TEN YEARS (5 out of 5 Stars)

TEN YEARS might be the most important film that screened at the 2016 New York Asian Film Festival. TEN YEARS is an anthology film made up of five short films that imagine what Hong Kong will be like ten years into the future. The simple conceit of the film inspired its five directors to create dystopian tales of political corruption, loss of cultural identity, and political revolution. Each of these five films has its own distinct style and voice, but blend together thematically in a nearly flawless way.

As a born and raised American, who has really only experiences Chinese culture through reading and films, watching the film TEN YEARS was something of a surreal experience. The film screened in America for the first time on July 4th (which really only added to the surreal nature of the screening). I saw reflections of my own American culture in the film’s disturbing tales, which made me realize that I couldn’t imagine how I would feel if this film was directly addressing my own home. After the film was over, a fellow audience member, who had family living in Hong Kong, asked me how I had even heard of the film. Considering the infamous nature of the film, his question was a fair one.

TEN YEARS started out playing in one theater, opening on December 15th against a little American film called STAR WARS: THE FORCE AWAKENS. At that one theater, TEN YEARS consistently sold out and outperformed the box office for STAR WARS, an accomplishment that makes David and Goliath look like a schoolyard slap fight.  Due to the film’s intensely pointed commentary towards the Chinese central government, the film was publicly rebuked by the Chinese government. But as the old showbiz saying goes: there’s no such thing as bad publicity. The film would go on to win the award for Best Picture at the 35th Hong Kong film awards. The victory, however, was somewhat bittersweet as the Chinese government refused to broadcast the ceremony.

CLICK: Want more reviews from NYAFF? Check out our reviews of THE THRONE and DONGJU

Despite the Chinese government’s attempts to discredit the film as a “thought virus,” the film has endured. The film’s presence at this year’s NYAFF, its public community screenings, and its upcoming DVD release in Hong Kong are evidence of its resilience. But for all of its political turmoil, does TEN YEARS function as a film? Unequivocally, yes. TEN YEARS may, in fact, be film-for-film, one of the best anthology movies ever released.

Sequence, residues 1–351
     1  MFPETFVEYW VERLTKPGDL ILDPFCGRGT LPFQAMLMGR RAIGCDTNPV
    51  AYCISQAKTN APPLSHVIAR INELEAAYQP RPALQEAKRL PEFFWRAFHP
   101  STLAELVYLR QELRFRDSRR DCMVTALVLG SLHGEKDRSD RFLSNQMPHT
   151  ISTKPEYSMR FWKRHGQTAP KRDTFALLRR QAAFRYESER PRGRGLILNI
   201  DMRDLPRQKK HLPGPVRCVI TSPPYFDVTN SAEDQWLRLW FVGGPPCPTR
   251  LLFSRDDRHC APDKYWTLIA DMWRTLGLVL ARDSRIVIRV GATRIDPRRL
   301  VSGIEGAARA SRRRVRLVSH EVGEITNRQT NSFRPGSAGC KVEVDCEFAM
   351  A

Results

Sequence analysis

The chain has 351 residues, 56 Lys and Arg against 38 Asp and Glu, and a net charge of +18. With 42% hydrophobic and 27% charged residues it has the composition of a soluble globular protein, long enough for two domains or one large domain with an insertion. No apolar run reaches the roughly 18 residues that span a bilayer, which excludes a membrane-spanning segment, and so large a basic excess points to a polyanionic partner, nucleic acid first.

EXTRAS (Directed by Kwok Zune)

“Extras” is one of the two most overtly political films in TEN YEARS. The premise centers around two incompetent assassins who are being paid by government officials to attack a pair of politicians. The assassination is all a ruse to drum up support for a National Security Law (presumably the same law that was proposed, but not passed, in Hong Kong back in 2003). Kwok Zune films this short in stark black and white, as if to emphasis the lack of moral complexity that has made its way into China’s politics. The film’s implications of a Hong Kong puppet political system are dark, but the script maintains a tone akin to DR. STRANGELOVE, a dark political satire that is funny because it seems a little too close to the truth. It’s worth stating again that this film can be very funny at times. “Extras” manages to set the tone for many of the other shorts that are equal parts intellectually engaging and funny. The tragedy of this first short is the way fear of outsiders is used to manipulate the populace. When the assassination occurs, the event is immediately declared to have been a terrorist act. Ultimately, the most unsettling thing about this short is the way media manipulation appears to be a worldwide phenomenon.